Boogie Woogie

Boogie woogie is a fun and energetic dance that will get your body moving to the beat! Boogie woogie has certain similarities to Lindy hop and it originated in the 1950s in Germany, when the music shifted from the swing to the more fast-paced rhythm’n’blues and rock’n’roll music. This type of music typically has a strong driving beat, with a syncopated bass line, and often uses a ‘shuffle’ beat. The music also often features a lot of improvisation, and sometimes a piano solo. Boogie woogie is also danced to slow blues or jazz music.


Lambada is a dance from State of Pará, Brazil. The dance briefly became internationally popular in the 1980s, especially in the Philippines, Latin America and Caribbean countries. It has adopted aspects of dances such as forró, salsa, merengue, maxixe, carimbó and Bolivian saya. Lambada is generally a partner dance.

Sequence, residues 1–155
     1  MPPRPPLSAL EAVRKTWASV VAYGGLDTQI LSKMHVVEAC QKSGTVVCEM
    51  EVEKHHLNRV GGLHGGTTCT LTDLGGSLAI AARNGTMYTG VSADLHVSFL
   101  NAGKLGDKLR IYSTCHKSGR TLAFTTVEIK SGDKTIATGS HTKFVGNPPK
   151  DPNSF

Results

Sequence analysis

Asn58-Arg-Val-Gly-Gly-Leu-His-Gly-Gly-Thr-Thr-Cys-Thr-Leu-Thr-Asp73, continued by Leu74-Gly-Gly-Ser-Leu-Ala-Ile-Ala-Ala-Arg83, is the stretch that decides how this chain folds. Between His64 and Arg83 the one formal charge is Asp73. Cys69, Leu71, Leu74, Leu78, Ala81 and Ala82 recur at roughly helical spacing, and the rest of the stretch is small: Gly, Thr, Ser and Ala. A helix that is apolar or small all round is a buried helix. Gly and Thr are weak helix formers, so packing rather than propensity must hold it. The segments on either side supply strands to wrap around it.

Samba de Gafieira (also called Gafieira) is a partner dance to various Brazilian samba musical rhythms. Unlike street and club forms of Brazilian samba, it evolved as a ballroom dance (dança de salão, literally, "salon dance").[1] Samba de Gafieira differs from the ballroom Samba, danced in International Latin and American Rhythm ballroom dance styles. Gafieira is usually a pair dance, although in artistic performances it is not uncommon to add solo variations, including steps of Samba no Pé.


The quebradita (Spanish: "Little break", referring to the breaking of a wild horse and a female dancer's back bends) is a Mexican dance style. It is usually performed to a Regional Mexican song, specifically a lyrical charanga or instrumental mambo.


The guaracha is a style of song-dance which is also considered music for the Christmas "Parrandas" and concert popular music. Several modern genres, such as rumba and salsa, are considered to be influenced by the guaracha.